In some of the work I do, I facilitate workplace seminars on how to create great team and organizational cultures. In fact, I’m scheduled to be teaching a degree course at Schulich Business School on Business Communications and Team Dynamics later this year. One of the simple communication ideas that goes a long way towards building a team culture that enables and encourages its members finds its origins in improv—“Yes, and…”
In the improv world, one actor throws an idea to another. The second actor has to receive the idea and build on it. The moment the second actor denies the first’s idea – even if that denial gets a big laugh – the scene is dead. The strategy is for the second actor to accept the idea and build on it in a way that could take it in another direction, or introduce a new thought, or otherwise enhance the realm of possibilities. In other words, “yes, and…”
It’s so easy to find objections to an idea that someone else has. We seem to have a knack for quickly uncovering deficiencies and weaknesses. In fact, many people build themselves up by knocking others down even if their (nominal) intentions are beneficent. In doing so, those people may, in fact, be correct. They may derive personal benefit from being that person who is fastest with the “yes, but…” But the “scene” – the team dynamic – is dead.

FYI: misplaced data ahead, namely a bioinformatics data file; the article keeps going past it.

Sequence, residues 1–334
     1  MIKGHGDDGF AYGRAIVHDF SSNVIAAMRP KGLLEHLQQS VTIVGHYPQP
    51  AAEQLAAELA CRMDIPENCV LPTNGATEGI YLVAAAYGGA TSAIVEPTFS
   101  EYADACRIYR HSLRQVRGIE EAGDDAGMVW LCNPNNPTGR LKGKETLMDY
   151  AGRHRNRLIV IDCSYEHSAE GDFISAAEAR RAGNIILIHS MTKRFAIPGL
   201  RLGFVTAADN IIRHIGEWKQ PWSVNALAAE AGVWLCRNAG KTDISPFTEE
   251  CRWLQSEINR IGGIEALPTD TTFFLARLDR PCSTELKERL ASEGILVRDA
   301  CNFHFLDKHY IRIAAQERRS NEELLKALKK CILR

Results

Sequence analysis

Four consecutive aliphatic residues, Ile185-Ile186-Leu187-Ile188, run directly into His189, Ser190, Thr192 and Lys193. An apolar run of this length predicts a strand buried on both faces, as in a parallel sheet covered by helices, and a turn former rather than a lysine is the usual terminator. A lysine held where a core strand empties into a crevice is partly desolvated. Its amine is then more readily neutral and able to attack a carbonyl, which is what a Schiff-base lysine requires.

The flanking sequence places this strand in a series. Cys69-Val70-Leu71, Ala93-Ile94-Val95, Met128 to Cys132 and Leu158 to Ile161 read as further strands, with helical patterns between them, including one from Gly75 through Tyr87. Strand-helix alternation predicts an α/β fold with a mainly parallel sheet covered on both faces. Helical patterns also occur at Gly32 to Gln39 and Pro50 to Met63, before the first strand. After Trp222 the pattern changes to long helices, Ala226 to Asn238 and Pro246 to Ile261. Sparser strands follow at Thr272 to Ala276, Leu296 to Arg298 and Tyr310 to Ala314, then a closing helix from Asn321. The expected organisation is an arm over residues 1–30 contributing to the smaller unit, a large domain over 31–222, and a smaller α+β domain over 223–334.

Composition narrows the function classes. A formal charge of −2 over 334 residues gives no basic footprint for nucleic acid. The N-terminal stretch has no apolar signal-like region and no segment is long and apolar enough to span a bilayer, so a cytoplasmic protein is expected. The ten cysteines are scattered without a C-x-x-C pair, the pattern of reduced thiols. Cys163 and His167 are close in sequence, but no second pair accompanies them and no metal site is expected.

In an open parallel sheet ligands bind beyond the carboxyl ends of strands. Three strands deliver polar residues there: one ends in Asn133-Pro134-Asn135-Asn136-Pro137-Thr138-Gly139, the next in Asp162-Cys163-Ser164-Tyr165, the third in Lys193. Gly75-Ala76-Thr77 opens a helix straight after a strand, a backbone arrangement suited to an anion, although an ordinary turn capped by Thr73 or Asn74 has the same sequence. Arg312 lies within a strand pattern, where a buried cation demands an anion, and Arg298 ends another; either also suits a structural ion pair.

As you might expect, I liken this to dance experiences. Successful and enjoyable partner dancing is all about creating “yes, and…” opportunities. These are situations where your partner either leads or responds to a lead in a particular way that is not what the other person expects. The (usually more experienced) dancer can respond in a way that is “yes, but…” They can correct (almost always a no-no dance-stopper), they can display their disapproval (ditto), or they can treat the other person with condescension as the newbie they are. All of these kill the scene.
Alternatively, the more experienced dancer can create a “yes, and…” situation. They can acknowledge what their partner has done and create a way to enhance it, to allow it to flow back into what appears to be a seamless dance. As they likely are familiar with a wide variety of variations on foundational moves, their repertoire enables them to bring considerable versatility to the particular dance. “Yes, and…” creates rather than kills, enables rather than prevents, and encourages rather than criticizes. When you go out to your next social, look for “yes, and…” opportunities as we…
See you on the dance floor.